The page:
For he seeth that wise men die, likewise the fool and the brutish person perish, and leave their wealth to others.
Verse 10. - For he seeth that wise men die, likewise the fool and the brutish person perish. The rich man must see that any hope of ransoming himself by means of his wealth, and so escaping death and the grave, is vain, since the law of mortality, which is in operation all around him, is universal. No one is redeemed from death, in the sense of escaping "the first death." Not only do "the fool and the brutish person" perish, but the fate of "the wise" is the same. All die; all quit the earth; all leave behind them everything that they possessed on earth; no one can take with him the gold in which he has trusted (ver. 6); all leave their wealth to others.
Their inward thought is, that their houses shall continue for ever, and their dwelling places to all generations; they call their lands after their own names.
Verse 11. - Their inward thought is, that their houses shall continue for ever, and their dwelling-places to all generations. Still, though they know this, the rich and worldly have an idea - an "inward thought" - which they cherish, that they can m a certain sense escape death by founding families and leaving to their children substantial houses, which will keep up the family reputation, and accumulating landed estates, to which they may affix their name, so keeping their memories alive to future ages. They call their lands after their own names (see Genesis 10:2, 4, 6, 22, 23, 29, etc.; and compare the Greek traditions with respect to Hellen, Ion, Achaeus, Pelops, Cadmus, etc.). To call cities after their own names, or the names of their sons, was a still commoner practice of great men in the olden times (Genesis 4:17; Genesis 11:31; Exodus 1:11; 'Records of the Past,' vol. 1. p. 14; vol. 3. pp. 45, 92, 112; vol. 7. pp. 32, 39, etc.).
Nevertheless man being in honour abideth not: he is like the beasts that perish.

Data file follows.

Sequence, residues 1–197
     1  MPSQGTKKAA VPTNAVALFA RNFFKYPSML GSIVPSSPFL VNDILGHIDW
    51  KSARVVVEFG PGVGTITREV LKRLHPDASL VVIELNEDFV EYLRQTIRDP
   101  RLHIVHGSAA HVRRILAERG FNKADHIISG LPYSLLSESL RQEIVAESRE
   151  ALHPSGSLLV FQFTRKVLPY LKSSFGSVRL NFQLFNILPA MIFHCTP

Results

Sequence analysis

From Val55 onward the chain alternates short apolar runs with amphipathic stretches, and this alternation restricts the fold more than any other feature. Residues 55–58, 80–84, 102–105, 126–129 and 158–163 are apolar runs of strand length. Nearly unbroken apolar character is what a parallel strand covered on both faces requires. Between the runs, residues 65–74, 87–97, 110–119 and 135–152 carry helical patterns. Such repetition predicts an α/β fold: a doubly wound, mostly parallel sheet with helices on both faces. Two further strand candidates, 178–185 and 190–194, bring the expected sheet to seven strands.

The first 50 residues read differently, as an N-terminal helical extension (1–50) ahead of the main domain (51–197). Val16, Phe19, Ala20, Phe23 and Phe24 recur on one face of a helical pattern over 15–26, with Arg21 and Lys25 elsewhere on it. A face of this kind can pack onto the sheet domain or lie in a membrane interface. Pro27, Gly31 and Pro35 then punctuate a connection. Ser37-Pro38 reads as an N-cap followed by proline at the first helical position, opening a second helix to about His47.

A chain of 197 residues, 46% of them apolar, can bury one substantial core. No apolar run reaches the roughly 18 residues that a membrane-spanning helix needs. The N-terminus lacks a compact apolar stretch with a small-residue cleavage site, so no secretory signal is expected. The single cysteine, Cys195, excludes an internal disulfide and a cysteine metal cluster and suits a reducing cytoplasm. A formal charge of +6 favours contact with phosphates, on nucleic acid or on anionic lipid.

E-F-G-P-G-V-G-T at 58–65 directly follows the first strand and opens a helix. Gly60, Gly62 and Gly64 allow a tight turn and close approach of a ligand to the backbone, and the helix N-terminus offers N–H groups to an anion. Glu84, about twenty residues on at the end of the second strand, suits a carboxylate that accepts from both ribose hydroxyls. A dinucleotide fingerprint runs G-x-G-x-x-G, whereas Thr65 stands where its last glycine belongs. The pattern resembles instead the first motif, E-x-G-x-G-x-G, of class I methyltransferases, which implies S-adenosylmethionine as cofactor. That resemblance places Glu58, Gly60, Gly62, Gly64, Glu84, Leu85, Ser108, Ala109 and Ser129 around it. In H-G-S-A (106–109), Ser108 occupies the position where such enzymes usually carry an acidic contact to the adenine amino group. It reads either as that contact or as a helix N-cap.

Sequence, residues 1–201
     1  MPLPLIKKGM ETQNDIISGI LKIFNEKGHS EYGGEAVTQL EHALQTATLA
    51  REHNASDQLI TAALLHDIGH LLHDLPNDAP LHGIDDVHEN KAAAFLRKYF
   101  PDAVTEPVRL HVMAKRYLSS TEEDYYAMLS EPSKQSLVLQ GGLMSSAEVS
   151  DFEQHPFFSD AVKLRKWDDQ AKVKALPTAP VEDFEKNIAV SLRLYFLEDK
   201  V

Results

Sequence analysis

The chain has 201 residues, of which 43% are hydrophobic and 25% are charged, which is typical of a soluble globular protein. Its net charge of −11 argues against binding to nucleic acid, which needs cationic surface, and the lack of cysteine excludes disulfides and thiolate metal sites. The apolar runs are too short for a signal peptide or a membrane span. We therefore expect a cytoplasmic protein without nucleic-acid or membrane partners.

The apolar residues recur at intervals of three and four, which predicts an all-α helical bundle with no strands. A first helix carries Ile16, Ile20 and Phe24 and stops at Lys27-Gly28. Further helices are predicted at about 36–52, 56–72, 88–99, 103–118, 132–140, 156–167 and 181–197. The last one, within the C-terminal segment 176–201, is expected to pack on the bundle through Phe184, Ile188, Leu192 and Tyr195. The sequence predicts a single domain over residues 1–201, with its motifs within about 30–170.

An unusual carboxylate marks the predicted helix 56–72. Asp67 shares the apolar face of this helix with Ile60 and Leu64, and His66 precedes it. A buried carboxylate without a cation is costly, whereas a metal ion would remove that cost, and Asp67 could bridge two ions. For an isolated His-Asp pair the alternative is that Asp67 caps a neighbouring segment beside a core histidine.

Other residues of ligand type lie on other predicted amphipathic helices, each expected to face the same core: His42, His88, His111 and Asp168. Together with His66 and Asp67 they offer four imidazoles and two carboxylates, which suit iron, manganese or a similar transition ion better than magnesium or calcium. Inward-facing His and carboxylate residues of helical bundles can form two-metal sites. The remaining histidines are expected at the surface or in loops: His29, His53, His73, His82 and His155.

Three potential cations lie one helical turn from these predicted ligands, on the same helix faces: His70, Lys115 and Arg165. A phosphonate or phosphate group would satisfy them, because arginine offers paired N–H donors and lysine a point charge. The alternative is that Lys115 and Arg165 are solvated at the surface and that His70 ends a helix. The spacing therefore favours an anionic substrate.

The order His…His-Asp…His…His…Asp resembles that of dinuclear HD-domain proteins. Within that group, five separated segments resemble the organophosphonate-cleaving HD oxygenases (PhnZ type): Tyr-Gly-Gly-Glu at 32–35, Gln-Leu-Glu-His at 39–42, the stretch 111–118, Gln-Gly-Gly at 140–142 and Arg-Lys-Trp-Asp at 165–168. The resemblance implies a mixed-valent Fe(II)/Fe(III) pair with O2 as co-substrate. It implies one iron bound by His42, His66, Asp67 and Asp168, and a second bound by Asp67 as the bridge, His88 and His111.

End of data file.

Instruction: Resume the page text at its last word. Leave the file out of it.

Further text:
Verse 12. - Nevertheless man being in honour abideth not. Against these" inward thoughts" and outward actions, the psalmist simply maintains the ground already taken (ver. 10): "Man, in whatever honour he may be, abideth not" - has but a short time to live. He is like the beasts that perish. He has no more continuance than many of the beasts; like them, he passes from earth.
This their way is their folly: yet their posterity approve their sayings. Selah.
Verse 13. - This their way is their folly; or, their vain conceit (Kay). By "their way" must be understood the course of conduct described in vers. 7-12. Yet their posterity approve their sayings. Their descendants, or those who come after them, notwithstanding the foolishness of their course, adopt their principles and delight in them.
Like sheep they are laid in the grave; death shall feed on them; and the upright shall have dominion over them in the morning; and their beauty shall consume in the grave from their dwelling.
Verse 14. - Like sheep they are laid in the grave; death shall feed on them. With the foolish fancies and vain conceits of the ungodly rich men, the psalmist now contrasts the reality. When they die they are "laid in the grave," or "ranged in Hades" (Kay), as sheep in a sheepfold. There is no escape for them. Death is their shepherd; he keeps them, watches over them, tends them, allows none to quit the fold. And the upright shall have dominion over them in the morning. When the resurrection morn comes - and no other explanation appears to be possible (see even Cheyne) - it will bring them no release; the righteous will then "have domination over them," and will certainly not set them free (Revelation 21:8). And their beauty shall consume in the grave from their dwelling; rather, and their beauty is for Hades to consume out of its dwelling; i.e. its clay tenement (so Dr. Kay).
But God will redeem my soul from the power of the grave: for he shall receive me. Selah.